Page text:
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19 infrared radiation from the original visible light. Several different methods have been developed for sensing and recording infrared radiation. These methods may be generalized into those which record reflected and/or reradiated shortwave infrared radiation and those which 7 record reradiated long -wave thermal infrared radiation. Photographic devices are used to record the former types of radiation « and electro-optical devices are used to record the latter. The spectral sensitivities of these two types of recording devices roughly correspond to the near and liddle infrared* respectively, and consequently these regions have come to be generally known as the photographic infrared and the thermal infrared. The Photographic Infrared Spectral Region Certain photographic emulsions are capable of sens8 ing and r€KX>rding wavelengths up to about 1.35 microns. In practical use, however, the comnon films used in infrared 9 photography are sensitive only to about 0.86 microns. The 7 U.S. Army, op. cit ., p. 140. Q Simon, op. cit ., pp. 111-113. 9 Bastnan Kodak Conpany, Infrared and ultraviolet Photography , Advanced Data Book M-3 (Rochester, N. Y, t Eastman Kodak Company, 1963) , pp. 3-5.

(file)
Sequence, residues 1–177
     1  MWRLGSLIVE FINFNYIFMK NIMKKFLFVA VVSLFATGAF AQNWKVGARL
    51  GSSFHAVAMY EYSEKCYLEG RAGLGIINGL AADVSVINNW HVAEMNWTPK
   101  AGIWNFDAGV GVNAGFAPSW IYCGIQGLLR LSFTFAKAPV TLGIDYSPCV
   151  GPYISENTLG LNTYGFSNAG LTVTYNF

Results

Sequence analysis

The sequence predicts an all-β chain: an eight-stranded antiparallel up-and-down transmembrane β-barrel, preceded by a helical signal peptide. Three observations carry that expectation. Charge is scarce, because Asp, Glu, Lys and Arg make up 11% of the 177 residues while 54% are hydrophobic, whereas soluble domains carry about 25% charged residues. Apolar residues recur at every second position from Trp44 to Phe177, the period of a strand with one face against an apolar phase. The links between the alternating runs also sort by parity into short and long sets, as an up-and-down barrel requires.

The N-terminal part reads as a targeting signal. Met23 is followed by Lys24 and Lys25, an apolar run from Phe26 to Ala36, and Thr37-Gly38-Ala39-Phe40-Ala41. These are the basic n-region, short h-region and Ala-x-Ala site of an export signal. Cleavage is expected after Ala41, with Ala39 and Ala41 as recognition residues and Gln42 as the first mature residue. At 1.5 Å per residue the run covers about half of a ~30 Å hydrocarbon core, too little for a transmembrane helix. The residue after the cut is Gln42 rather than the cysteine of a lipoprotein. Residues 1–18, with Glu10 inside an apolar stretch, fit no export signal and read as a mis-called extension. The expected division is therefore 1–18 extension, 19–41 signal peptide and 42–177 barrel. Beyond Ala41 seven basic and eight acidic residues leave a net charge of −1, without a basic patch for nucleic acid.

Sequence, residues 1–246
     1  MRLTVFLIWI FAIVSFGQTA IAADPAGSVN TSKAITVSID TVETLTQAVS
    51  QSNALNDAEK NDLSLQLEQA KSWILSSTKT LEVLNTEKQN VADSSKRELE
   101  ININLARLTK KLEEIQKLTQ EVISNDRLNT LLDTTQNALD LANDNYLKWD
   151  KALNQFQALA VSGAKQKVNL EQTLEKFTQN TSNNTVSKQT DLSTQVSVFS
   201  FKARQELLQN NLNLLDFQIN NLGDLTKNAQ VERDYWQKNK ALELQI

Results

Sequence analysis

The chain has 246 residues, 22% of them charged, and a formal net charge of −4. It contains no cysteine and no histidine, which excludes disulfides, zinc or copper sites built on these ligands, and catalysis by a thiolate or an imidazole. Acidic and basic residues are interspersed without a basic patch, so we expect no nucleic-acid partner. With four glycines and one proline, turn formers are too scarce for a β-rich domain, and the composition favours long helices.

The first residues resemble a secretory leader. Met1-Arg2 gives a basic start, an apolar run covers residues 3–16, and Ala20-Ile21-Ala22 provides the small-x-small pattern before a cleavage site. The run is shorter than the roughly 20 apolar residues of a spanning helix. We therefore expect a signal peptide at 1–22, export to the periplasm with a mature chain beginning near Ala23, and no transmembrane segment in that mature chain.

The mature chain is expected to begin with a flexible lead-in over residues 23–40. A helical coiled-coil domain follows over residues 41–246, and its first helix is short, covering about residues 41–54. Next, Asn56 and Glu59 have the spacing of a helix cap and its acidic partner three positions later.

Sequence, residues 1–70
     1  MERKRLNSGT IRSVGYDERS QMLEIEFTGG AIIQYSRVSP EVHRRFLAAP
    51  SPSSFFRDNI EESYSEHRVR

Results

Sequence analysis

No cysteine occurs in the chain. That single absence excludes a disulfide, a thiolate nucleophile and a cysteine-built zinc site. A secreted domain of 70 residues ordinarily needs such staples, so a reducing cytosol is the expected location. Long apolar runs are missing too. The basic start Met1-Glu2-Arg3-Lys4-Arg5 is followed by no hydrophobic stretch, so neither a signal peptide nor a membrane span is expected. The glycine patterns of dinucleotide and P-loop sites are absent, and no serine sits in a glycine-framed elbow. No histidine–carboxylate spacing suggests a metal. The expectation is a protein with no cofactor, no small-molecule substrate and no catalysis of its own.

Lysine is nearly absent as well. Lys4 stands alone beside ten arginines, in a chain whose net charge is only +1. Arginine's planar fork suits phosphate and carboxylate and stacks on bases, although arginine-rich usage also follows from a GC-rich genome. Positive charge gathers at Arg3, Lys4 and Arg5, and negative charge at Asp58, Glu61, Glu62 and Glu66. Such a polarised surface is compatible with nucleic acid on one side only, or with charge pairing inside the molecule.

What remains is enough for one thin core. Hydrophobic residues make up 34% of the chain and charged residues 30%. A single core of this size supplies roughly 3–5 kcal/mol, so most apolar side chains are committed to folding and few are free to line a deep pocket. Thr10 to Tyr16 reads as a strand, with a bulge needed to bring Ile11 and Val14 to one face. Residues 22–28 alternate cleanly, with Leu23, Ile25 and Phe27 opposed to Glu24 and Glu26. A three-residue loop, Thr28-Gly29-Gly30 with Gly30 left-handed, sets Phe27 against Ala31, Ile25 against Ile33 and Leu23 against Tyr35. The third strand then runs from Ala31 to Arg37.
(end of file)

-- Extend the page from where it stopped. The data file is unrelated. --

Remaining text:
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20 importance o£ considering such films in a discussion of ranote sensing techniques is not merely that an additional spectral region is rendered visible, but more important that all of the advantages of conventional panchromatic aerial photography # namely high contrast ratios « spatial recording fidelity, light resolution* etc., are retained in the additional spectral region being san^led. No other unclassified sensor can hold claim to as many operational attributes. Since most films capable of infrared sensing also record visible blue light, it is necessary to use optical filters to restrict exposures to the infrared. A nimiber of different filters have been developed for this purpose. ' Any camera whose film housing and shutter are opaque to infrared light may be used for infrared photography singly by refocusing the camera for the slightly longer wavelengths. This is accomplished by refocusing approximately one-quarter of one percent of the camera lens focal length forward of the normal "infinity" position, in effect foreshortening the focal plane of the infinity position of the lens. ^^Ibid., p. 5. Eastman Kodak Conpany, Kodak Wratten Filters for Scientific and Technical Use , Scientific and Technical Data Book B-3, 22nd edition (Rochester, N. Y. s Eastman Kodak Company, 1965), pp. 27-31, 70-75.